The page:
Below Zero in Yellowstone: A Photo Essay

This last week we've experienced below zero temperatures in Yellowstone. While I certainly vote for warmer weather, the intense cold emboldens the landscape and paints it a glistening color that vibrates with life. Below are some photos from Mammoth Hot Springs and Gardiner.

Yellowstone Winter (Of My Discontent!)

Please Don't Make Me Go Outside!I am quite possibly the only person in the entire Yellowstone area not happy about the recent development in the weather (see below for the horror filled forecast). You can take the girl out of California, but you can't take....

Last week the press coverage centered around how Yellowstone's winter season lacked enough snow in areas for even skiing. Perhaps Mother Nature likes a last minute challenge as this weekend's storm should remedy the situation. Please pay special attention to the windchill forecast for this evening (yes--that's 20 to 30F below zero).

As I write, the temperature outside registers at a balmy 6F compared with the predicted low. Just for fun, I've bundled up in my long underwear and Patagonia parka for a stroll outdoors. Why not? I need to embrace the horror.

Oh, the Weather Outside Is FrightfulWinter Storm Warning
Statement as of 10:54 AM MST on December 13, 2008

...Winter Storm Warning remains in effect until 11 PM MST this evening...

A Winter Storm Warning for heavy snow and blowing snow remains in effect until 11 PM MST this evening.

Snow...blowing snow...and dangerously cold wind chills will occur today through this evening. Snow will continue...heavy at times...through early this evening with total snow accumulations of 4 to 6 inches. However...6 to 11 inches of snow can be expected over and near area mountains. Northerly winds of 15 to 30 mph with gusts to 40 mph today will decrease this evening. The strong winds will combine with the falling snow and snow on the ground to create occasional whiteout conditions with near zero visibility into the evening. With temperatures falling to near zero this afternoon the gusty winds also create wind chills of 20 to 30 degrees below zero by late this afternoon.

A Winter Storm Warning means significant amounts of snow are expected. Strong winds...blowing snow...and bitterly cold conditions will occur as well. This will make travel very hazardous or impossible. Those with vulnerable livestock should take precautions to protect them from the bitter cold.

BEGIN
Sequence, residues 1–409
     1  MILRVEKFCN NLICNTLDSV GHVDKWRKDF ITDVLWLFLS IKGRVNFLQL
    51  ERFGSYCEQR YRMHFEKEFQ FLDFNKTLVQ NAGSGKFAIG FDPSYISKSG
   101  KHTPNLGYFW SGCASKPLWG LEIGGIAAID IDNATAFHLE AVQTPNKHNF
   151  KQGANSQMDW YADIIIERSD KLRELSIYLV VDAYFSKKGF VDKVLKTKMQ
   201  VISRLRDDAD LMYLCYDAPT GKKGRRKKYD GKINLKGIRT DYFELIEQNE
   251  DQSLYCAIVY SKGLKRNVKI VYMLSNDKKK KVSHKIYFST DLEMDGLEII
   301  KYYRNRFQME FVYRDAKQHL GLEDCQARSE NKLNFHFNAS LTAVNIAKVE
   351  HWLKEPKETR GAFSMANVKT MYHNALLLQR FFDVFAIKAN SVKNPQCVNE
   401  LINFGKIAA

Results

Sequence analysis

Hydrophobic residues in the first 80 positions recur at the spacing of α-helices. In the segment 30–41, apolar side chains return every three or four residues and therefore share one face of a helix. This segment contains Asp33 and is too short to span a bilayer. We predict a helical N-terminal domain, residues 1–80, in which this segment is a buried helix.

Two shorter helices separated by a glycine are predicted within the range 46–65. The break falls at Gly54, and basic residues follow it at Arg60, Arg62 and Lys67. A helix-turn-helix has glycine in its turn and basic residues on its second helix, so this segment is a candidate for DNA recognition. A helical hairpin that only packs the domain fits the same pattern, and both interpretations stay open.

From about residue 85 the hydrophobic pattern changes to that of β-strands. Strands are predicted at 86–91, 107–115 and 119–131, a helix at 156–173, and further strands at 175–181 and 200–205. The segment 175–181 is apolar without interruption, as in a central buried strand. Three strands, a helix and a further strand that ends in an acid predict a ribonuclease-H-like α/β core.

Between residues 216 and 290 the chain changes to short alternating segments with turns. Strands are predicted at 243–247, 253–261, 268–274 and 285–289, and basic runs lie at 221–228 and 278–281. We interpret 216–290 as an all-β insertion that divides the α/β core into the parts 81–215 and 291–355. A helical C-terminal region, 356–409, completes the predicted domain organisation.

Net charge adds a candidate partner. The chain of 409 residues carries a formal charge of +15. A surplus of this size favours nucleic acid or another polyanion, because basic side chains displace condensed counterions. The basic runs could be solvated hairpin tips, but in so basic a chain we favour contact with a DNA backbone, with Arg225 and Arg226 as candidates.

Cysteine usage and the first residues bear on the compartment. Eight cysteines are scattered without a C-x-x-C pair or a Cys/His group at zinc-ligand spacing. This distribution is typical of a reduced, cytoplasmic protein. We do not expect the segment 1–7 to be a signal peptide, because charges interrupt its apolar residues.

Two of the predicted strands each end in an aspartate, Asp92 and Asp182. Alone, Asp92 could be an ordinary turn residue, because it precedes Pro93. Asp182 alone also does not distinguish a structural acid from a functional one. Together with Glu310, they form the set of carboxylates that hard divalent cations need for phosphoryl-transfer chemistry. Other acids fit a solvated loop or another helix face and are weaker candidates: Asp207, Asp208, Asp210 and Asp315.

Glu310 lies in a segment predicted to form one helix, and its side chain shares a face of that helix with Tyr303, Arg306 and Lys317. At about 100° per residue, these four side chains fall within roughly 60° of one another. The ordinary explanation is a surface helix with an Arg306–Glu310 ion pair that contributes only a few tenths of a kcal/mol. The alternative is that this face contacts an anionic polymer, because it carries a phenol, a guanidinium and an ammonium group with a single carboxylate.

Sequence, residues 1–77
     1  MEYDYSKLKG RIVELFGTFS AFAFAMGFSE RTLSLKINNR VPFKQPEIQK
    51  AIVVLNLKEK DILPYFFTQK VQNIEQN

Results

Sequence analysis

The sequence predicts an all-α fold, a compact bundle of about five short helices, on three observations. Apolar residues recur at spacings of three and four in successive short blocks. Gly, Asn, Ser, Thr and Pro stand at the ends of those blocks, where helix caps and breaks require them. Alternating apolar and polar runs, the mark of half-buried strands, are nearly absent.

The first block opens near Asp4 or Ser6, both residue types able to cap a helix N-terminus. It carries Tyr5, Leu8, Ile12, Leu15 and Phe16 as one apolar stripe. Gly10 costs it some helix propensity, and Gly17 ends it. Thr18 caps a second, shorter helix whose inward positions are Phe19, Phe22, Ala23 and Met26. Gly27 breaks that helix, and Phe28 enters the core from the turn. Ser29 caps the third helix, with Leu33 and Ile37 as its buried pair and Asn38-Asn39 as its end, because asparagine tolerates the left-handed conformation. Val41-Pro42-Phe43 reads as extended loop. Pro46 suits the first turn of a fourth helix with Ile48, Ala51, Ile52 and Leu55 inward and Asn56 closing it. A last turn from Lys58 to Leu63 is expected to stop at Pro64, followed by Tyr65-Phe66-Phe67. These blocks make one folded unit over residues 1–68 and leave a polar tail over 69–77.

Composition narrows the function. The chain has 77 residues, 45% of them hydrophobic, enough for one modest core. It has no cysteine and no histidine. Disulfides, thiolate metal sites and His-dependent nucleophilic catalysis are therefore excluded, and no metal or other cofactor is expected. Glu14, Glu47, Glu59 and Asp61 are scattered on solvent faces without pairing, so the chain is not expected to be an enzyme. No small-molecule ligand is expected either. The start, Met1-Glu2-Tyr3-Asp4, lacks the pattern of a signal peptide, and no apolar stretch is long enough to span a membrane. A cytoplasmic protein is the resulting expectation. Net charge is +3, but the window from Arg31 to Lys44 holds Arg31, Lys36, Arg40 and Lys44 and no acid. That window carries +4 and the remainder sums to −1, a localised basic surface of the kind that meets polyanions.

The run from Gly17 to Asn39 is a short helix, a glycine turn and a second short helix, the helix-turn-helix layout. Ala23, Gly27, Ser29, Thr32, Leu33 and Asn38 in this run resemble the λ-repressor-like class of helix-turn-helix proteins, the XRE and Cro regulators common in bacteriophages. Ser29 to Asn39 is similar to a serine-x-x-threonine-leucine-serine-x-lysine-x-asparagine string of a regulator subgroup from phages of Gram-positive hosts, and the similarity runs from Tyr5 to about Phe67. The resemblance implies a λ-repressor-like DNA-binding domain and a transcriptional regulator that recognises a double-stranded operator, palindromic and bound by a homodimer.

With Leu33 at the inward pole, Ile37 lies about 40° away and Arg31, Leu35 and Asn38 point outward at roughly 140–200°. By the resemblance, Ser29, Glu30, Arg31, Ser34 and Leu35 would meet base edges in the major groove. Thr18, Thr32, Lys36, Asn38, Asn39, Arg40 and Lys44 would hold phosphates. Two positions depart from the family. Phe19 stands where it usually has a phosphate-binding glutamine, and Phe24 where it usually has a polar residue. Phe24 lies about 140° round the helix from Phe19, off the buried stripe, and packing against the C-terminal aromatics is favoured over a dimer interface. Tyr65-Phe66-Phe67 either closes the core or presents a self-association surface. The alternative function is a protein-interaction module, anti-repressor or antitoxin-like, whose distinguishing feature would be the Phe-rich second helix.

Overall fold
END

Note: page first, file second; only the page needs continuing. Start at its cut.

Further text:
Driving Chief Joseph’s Highway in a Blizzard (With Cows)

Dude, Where's My Car?Our conference in Red Lodge ended this afternoon, yet before we could begin our trip back home to Yellowstone I had to shovel my buried car out from under two feet of snow. Even more impressive, the snowdrift covering the back of my vehicle rose to over three feet in height. 

The first storm of the season wanted to make a good impression and it certainly succeeded. Snow has fallen steadily since Thursday afternoon and has no intention of stopping.

Embracing the Horror of WinterShowing my usual good judgment, I decided to drive back to Yellowstone instead of staying an extra night in Red Lodge. I reasoned that my Subaru could handle the conditions—once I was able to unbury it—and the resulting boost in morale at escaping from ground zero of the snowstorm would certainly outweigh the dangers of travel.

What I didn’t factor into my thinking is that Montana and Wyoming consider plowed roads unnecessary and cowardly. What’s a mere two feet of snow to drive through since everyone here owns half ton trucks and snowmobiles?

Our Bovine GuidesI did not, however, lose all of my good sense. Despite venturing into the unknown, we took good winter travel precautions—before leaving we secured a pizza from Bogart’s and ensured the iPod was fully charged.

Chief Joseph’s Highway, named for the famous Nez Perce Indian Chief, runs 46 miles from Wyoming to the northeast corner of Yellowstone. It’s also known as Sunlight Basin Road, although I saw scant evidence of sun during our journey. Dead Indian Pass, which marks the highest point on the route, rises to 8,060 feet. And on this day, a blanket of snow covered the entire 46 miles of road.

Unlike the wet, heavy snow I was accustomed to in the Sierra Nevada, the light, powdery snow in the mountain west drifts across the land like “white smoke.” The wind, partnering with the snow, can transform the landscape into a blank white screen. Needless to say, this doesn’t make for ideal driving conditions. Yet the mighty power of the Subaru (and our pizza slices) propelled us over the pass, along with some friendly cows wandering the terrain, who acted as bovine cairns marking our route.

I surely do love winter!

Pilot and Index Peaks from Chief Joseph Highway

Snow Gone Wild

My car is slowly being consumed by snow--we're going to attempt to drive back to Yellowstone this afternoon. I regret not bringing my skis as it would be easier to ski than drive through the Beartooths.

The Subaru Gets Buried

Beth's Sense of Snow (She's A California Wimp)

Help! The Snow Is Attacking!Yellowstone and the surrounding area is under siege from winter. The storm attacked last night, banishing 50 and 60 degree pleasant fall weather with billions of white snowflake soldiers. By Sunday, the landscape will be vanquished with up to four feet of white. 

Despite my attempts to surrender and negotiate a few more weeks of fall, the storm continues to assault us. Today, I'm teaching at a conference on green business in Red Lodge, at the center of the battle, and the snow just keeps on falling. Luckily we have plenty of cookies and hot chocolate, so I don't anticipate any Donner-like scenarios.